When evaluating consumer protection measures, our government should consider not only the potential for overt fraud, but also the soul-destroying effect on consumers of having to navigate a maze of terms and conditions at every turn to determine whether they are being taken to the cleaners. Every time you have to decipher the terms of a purchase or loan agreement, it creates an incremental hardening in the arteries of your soul.
At an individual level, there are important measures you can take to lessen your exposure to monetary complexity and thus protect your mental health. This one is tough. In shark-infested waters, you canâ€™t just blissfully swim. Financial literacy, and related numeracy, are critically important life skills.
Limit exposure as much as you can
So, while still protecting yourself in a world where money is ubiquitous, the useful thing is to identify where you can simplify your transactions. If you are able to have investments, you can buy a broad fund instead of tracking individual stocks. To align your goals with good results in the world, you can invest in a socially responsible fund that is divested of fossil fuels. If you are tempted to buy some kind of timeshare or other complex deal â€“ just donâ€™t (and beware the related condition of affluenza).
After you engage in a particularly complex financial transaction, wash your hands thoroughly, find a loved one nearby, and give them a hug. If no loved ones are handy, take a moment for another type of life-affirming act, preferably of kindness. It is important to counteract the corrosive effect before it seeps too deeply into you.
Regular detox is helpful, several times a week if possible. Plan for blocks of several waking hours where you have no interaction with money. If, with some advance planning, you can go for a full day or more (camping, anyone?), thatâ€™s very special.
So, if you have read this far, you may be wondering â€¦. Thinking about, the process of thinking about, money, is that harmful?
If so, I am sorry. But perhaps it could work as a vaccine – if reading this helps you to decide to spend a finance-free afternoon, or even a whole day, then reading this will provide a good return on investment. Oops.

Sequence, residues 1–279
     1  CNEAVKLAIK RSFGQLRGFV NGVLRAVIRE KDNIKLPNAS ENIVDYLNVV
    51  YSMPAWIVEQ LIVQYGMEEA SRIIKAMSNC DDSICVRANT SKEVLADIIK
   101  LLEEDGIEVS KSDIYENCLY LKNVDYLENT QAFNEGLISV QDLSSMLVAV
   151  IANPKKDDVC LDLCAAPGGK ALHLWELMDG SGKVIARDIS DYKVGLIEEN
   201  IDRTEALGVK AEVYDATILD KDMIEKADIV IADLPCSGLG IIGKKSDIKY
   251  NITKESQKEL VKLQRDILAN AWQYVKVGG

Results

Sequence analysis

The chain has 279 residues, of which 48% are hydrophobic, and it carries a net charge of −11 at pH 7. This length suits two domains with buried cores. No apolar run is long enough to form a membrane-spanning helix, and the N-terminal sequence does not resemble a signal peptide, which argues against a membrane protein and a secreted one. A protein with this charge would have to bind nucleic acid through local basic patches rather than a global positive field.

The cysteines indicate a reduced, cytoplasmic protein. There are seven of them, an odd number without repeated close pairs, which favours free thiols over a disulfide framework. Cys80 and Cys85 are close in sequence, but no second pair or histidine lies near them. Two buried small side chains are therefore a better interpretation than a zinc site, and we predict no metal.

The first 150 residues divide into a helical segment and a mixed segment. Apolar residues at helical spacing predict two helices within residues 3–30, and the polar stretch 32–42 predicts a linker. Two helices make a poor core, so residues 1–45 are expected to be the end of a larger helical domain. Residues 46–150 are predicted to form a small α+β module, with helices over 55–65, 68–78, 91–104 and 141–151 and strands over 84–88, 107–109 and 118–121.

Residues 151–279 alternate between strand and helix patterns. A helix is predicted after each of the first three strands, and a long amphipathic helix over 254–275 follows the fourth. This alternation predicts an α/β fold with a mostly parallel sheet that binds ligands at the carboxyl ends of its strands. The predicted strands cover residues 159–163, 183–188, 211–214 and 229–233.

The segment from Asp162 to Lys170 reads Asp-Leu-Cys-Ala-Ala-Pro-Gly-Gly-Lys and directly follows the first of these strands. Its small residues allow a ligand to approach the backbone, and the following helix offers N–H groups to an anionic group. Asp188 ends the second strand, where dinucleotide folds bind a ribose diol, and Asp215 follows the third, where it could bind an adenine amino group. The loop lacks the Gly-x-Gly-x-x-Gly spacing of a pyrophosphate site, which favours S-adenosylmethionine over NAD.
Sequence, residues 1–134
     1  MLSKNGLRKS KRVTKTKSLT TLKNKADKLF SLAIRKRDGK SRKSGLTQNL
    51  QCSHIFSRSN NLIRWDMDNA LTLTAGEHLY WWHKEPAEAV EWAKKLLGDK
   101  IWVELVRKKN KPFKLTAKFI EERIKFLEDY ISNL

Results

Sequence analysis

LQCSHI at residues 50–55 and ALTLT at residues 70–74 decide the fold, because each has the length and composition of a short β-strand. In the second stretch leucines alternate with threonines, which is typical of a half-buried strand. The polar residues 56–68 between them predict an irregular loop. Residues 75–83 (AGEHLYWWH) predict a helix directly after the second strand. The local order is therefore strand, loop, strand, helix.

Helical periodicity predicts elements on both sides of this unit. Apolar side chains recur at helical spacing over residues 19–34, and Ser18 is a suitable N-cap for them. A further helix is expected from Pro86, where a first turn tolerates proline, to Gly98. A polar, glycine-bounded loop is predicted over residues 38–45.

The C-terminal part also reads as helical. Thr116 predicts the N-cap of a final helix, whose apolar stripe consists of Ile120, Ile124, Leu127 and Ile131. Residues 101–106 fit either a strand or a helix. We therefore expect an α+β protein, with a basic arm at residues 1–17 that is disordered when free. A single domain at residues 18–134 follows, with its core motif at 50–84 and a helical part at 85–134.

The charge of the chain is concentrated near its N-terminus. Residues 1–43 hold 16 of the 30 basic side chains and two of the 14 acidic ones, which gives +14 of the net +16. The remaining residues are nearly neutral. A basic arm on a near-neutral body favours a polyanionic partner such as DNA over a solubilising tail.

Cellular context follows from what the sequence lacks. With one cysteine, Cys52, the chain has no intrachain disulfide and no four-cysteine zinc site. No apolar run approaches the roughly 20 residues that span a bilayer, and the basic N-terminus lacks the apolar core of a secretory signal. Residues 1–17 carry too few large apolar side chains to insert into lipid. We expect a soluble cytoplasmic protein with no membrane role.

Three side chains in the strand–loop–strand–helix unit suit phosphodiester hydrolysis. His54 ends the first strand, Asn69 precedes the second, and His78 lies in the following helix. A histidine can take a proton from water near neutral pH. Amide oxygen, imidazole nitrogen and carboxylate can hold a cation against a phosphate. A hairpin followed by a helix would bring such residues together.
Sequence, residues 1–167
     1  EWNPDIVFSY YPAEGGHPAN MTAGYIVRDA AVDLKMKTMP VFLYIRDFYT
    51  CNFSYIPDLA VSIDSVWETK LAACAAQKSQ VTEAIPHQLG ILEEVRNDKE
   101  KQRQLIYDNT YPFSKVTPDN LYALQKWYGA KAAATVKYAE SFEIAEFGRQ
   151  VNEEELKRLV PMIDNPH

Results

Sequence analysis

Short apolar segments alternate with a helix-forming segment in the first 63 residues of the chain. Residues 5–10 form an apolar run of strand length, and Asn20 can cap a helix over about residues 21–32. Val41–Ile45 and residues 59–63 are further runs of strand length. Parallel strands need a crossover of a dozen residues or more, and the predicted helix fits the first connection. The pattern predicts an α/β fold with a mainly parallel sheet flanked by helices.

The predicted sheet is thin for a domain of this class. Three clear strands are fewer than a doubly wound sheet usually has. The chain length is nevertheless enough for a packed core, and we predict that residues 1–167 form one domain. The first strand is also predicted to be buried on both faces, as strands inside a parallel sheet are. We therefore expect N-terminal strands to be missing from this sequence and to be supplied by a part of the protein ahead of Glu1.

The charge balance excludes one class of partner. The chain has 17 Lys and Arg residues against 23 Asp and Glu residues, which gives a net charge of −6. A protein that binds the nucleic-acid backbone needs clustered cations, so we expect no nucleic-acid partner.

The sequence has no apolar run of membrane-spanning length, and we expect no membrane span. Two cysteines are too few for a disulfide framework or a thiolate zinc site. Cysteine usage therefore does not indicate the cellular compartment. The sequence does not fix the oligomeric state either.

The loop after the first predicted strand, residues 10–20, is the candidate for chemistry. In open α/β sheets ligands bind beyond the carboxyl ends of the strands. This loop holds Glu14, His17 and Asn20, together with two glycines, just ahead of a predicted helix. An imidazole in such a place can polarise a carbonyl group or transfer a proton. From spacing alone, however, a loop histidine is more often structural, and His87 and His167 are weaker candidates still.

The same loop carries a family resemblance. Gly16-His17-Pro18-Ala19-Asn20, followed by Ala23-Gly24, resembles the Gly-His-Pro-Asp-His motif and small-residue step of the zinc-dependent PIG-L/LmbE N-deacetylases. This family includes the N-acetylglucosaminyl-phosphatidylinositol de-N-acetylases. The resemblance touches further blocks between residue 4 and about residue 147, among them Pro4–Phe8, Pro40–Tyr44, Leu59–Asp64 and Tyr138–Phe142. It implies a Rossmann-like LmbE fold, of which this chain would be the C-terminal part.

As with most chronically harmful effects, the most important thing is awareness. Know that the effect is happening, and that as a conscious and caring person, you can overcome Lucrazema, in yourself, your friends, and loved ones.
I might add that I’ve been thinking about money for years and have not noticed an increased interest in having it. But then, I am not an accumulator. I acquire things and I have things, but they have to be useful or out they go. If I am mildly obsessive, it’s about getting rid of stuff, but not to the dump. Uselessness in things is inherently offensive. Which means I can still appreciate the souvenirs people pick up on vacations to remind them where they were and, presumably, had a good time.
Indeed, I have recently argued that money is nothing but an aide memoire, a tangible or visible reminder of what we owe to someone else. And that’s why, I go on to speculate, our friends, the Cons, are so antagonistic towards money. They do not want to owe anyone anything and certainly don’t want to be reminded that they do, even though, if they happen to be politicians, they’ve actually been hired to manage our public debts.
I’ve speculated that the Cons are obsessed with accumulating and not wanting to let go. However, just this morning it occurred to me that perhaps the accumulation is a consequence of not knowing how to process or let go of what they’ve got — like that bullfrog sitting on the bank with a swallow in its mouth. In fact, I was wondering if mathematicians are concerned with what would happen if there were no function sign between A and B on the left side of an equation.
I was led to that question by my hypothesis or observation that the Cons operate by indirection or triangulation or ulterior motivation. If one were to draw a picture of the flow of energy to do anything, it wouldn’t be from A to B, but rather a nudge from A to C to impact B — triangulation, like on a pool table. And then it occurred to me that perhaps the action between A and B is actually unknown, like the mysterious spirit in the Holy Trinity, which has never struck me as particularly mysterious. Agency is not mysterious, when you come to (can) think of it. But, what if a brain has no awareness of agency? What if not just the function key, but the concept of function is missing? What if there were no awareness of the plus, minus, division or multiplication sign between A and B? What comes after the equal sign would make no sense. There would be no equal. There would be no equality.
So, maybe it’s just the math. What’s missing in the binary brain is the function. That’s the missing link. Does that make any sense to a person that’s not math-challenged like me?